So given a choice, a live vaccine seems a much better choice than an inactivated vaccine.

Although interestingly, she says that if you have had an inactivated vaccine, and you are later give a live vaccine, then you can benefit from the non-specific health effects of that live vaccine, since it is the last vaccine that you received which is the most important. See timecode 24:54.



Before Prof Stabell-Benn started her research on the Pfizer and Moderna mRNA vaccines, as well as the AstraZeneca, Johnson & Johnson and Sputnik V adenovirus vaccines, she did not know whether these new vaccines would behave like live vaccines, or like inactivated vaccines. This is because both these mRNA and adenovirus COVID vaccines are new types of vaccines, which she had no experience with.

But from her research, it appears that the adenovirus COVID vaccines behave like live vaccines, offering highly beneficial non-specific effects on health; whereas the mRNA COVID vaccines act like inactivated vaccines, which have negative non-specific effects on health.

 

Both the mRNA vaccines and adenovirus vaccines greatly reduce your risk of dying from COVID; but only the adenovirus vaccines also greatly reduce your chances of dying from other causes of death unrelated to COVID.



Prof Christine Stabell-Benn says it is a flaw in our vaccine testing systems that we do not test for non-specific effects of vaccines; we only test for the specific effects against the targeted pathogen.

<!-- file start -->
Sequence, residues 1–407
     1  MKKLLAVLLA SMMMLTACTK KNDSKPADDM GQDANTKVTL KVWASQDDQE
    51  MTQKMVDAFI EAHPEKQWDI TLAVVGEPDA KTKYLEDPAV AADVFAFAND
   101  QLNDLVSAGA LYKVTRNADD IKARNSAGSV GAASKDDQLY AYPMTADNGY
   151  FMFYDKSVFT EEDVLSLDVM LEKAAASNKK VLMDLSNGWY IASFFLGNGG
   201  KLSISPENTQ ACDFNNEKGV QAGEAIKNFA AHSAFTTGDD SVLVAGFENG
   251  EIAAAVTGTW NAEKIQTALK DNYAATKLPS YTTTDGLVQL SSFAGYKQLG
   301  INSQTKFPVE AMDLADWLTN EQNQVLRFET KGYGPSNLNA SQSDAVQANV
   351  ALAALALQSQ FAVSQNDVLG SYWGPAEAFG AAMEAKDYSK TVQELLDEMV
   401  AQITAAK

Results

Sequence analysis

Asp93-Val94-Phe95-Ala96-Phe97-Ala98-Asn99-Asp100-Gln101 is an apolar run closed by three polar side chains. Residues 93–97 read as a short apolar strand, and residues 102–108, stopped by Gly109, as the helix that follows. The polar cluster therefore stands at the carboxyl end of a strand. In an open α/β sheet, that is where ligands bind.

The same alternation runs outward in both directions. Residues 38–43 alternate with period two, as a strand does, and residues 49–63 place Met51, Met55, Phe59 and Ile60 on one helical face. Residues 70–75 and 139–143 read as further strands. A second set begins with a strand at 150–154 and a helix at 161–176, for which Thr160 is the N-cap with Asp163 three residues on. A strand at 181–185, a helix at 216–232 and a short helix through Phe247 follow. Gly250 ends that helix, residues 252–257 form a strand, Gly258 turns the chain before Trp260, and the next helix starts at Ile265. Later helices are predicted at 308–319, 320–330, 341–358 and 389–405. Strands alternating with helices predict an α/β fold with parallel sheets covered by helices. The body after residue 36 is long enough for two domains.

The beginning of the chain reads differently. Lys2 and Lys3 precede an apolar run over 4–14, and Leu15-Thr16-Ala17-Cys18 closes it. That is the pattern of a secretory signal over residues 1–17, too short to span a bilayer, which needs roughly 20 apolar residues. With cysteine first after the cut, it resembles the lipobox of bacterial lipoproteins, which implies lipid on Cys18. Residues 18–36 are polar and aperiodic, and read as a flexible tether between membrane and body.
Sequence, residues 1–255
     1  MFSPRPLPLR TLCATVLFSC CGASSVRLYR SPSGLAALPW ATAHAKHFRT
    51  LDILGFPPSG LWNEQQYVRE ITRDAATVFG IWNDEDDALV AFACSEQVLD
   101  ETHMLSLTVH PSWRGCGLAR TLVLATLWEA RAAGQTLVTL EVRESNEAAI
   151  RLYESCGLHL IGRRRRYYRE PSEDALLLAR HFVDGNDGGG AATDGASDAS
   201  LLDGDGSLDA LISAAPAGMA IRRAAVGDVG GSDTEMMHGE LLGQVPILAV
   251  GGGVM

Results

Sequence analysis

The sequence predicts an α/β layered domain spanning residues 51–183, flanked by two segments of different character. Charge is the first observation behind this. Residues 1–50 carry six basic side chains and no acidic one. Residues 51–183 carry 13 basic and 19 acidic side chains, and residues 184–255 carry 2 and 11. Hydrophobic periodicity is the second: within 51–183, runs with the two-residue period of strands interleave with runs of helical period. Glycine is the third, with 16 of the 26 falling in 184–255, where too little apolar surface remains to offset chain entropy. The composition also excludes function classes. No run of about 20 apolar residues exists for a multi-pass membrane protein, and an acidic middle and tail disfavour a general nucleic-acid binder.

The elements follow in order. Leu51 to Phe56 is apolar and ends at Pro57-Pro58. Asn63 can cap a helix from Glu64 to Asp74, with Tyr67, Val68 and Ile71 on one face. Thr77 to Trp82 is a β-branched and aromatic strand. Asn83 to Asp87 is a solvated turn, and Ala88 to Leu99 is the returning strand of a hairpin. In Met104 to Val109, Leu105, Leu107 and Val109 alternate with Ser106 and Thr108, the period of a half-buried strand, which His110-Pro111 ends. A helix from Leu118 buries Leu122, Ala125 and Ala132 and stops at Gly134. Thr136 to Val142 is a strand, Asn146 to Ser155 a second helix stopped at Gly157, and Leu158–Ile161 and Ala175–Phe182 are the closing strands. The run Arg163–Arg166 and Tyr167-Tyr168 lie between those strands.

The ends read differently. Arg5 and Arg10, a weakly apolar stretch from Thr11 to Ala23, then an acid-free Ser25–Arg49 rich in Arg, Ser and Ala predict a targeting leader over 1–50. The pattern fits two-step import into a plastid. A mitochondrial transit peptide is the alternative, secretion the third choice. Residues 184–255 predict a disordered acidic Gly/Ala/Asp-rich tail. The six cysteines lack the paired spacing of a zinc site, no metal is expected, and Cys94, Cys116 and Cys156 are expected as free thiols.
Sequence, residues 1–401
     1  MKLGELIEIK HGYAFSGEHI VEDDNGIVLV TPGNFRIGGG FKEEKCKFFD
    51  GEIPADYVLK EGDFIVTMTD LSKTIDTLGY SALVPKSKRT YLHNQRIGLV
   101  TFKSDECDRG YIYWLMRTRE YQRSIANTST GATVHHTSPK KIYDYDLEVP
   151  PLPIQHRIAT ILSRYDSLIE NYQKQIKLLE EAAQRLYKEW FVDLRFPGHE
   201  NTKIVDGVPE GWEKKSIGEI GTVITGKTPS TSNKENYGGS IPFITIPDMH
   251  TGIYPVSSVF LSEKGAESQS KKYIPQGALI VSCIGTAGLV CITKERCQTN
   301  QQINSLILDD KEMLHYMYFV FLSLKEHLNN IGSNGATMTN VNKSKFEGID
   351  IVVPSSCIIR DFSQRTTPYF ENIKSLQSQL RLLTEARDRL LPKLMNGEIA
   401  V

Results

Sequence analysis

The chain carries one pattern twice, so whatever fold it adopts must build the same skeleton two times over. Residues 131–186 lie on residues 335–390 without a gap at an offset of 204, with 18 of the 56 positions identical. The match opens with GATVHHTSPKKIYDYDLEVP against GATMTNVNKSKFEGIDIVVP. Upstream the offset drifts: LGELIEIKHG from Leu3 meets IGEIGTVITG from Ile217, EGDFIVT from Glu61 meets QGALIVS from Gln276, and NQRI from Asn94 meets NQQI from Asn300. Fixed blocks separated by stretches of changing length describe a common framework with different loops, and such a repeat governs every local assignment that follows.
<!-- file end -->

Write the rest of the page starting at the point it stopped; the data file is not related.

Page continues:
She says that the World Health Organisation (WHO) have been aware of the non-specific effects of vaccines for 20 years, but have shown little interest in pursuing this research. Neither have the pharmaceutical companies shown much interest in investigating non-specific effects.

A preprint of Professor Christine Stabell Benn's paper is here:

Randomised Clinical Trials of COVID-19 Vaccines: Do Adenovirus-Vector Vaccines Have Beneficial Non-Specific Effects?


Edited by Hip, 25 May 2022 - 04:37 PM.

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#2 Dorian Grey

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Posted 25 May 2022 - 04:52 PM

I had to scour the countryside to find myself the J&J jab in April 2021, as everyone in the big city was pushing Pfizer/Moderna.  Drove up into the mountains & found it in a small town fire station.  Got lucky, as J&J was paused shortly after over the contamination worries.  Got lucky again in November when I found WalMart had a J&J booster for me.  Now I see they've paused it again over clotting issues.  J&J has been getting the left handed ginger stepchild treatment all along.  Glad to see this latest news.  

 

Got Omicron in January, with another exposure in March, so figure I'm naturally boosted through the Summer & into Fall.  Walking on the sunny side of the street with the latest all cause mortality data.  Feelin' like a lucky dog.  I'll need to work on my retirement finances though if I'm going to live to 100.  


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#3 Hip

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Posted 25 May 2022 - 05:23 PM

My first vaccine was the AstraZeneca, but my second was Moderna. When it comes to my next vaccine, I will try to get the AstraZeneca.

 

I am also thinking that if live vaccines offer these major non-specific health benefits, then I might try to get injected with some other live vaccines! Not COVID vaccines, but other useful vaccines which contain live attenuated viruses or bacteria.